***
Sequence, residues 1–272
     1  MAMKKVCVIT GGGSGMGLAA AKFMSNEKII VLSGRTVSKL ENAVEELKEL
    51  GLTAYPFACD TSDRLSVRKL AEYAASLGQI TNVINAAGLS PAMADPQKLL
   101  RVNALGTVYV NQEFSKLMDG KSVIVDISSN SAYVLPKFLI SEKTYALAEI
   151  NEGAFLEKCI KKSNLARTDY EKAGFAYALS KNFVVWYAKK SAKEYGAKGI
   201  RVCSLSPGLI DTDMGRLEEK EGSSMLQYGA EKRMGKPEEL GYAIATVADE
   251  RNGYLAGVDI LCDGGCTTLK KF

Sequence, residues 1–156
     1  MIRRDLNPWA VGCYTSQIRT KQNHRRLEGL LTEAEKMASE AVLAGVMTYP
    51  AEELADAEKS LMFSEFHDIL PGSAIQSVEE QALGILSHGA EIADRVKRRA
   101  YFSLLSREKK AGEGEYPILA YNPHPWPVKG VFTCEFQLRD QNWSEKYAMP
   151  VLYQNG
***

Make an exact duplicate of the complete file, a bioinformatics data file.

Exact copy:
Sequence, residues 1–272
     1  MAMKKVCVIT GGGSGMGLAA AKFMSNEKII VLSGRTVSKL ENAVEELKEL
    51  GLTAYPFACD TSDRLSVRKL AEYAASLGQI TNVINAAGLS PAMADPQKLL
   101  RVNALGTVYV NQEFSKLMDG KSVIVDISSN SAYVLPKFLI SEKTYALAEI
   151  NEGAFLEKCI KKSNLARTDY EKAGFAYALS KNFVVWYAKK SAKEYGAKGI
   201  RVCSLSPGLI DTDMGRLEEK EGSSMLQYGA EKRMGKPEEL GYAIATVADE
   251  RNGYLAGVDI LCDGGCTTLK KF

Sequence, residues 1–156
     1  MIRRDLNPWA VGCYTSQIRT KQNHRRLEGL LTEAEKMASE AVLAGVMTYP
    51  AEELADAEKS LMFSEFHDIL PGSAIQSVEE QALGILSHGA EIADRVKRRA
   101  YFSLLSREKK AGEGEYPILA YNPHPWPVKG VFTCEFQLRD QNWSEKYAMP
   151  VLYQNG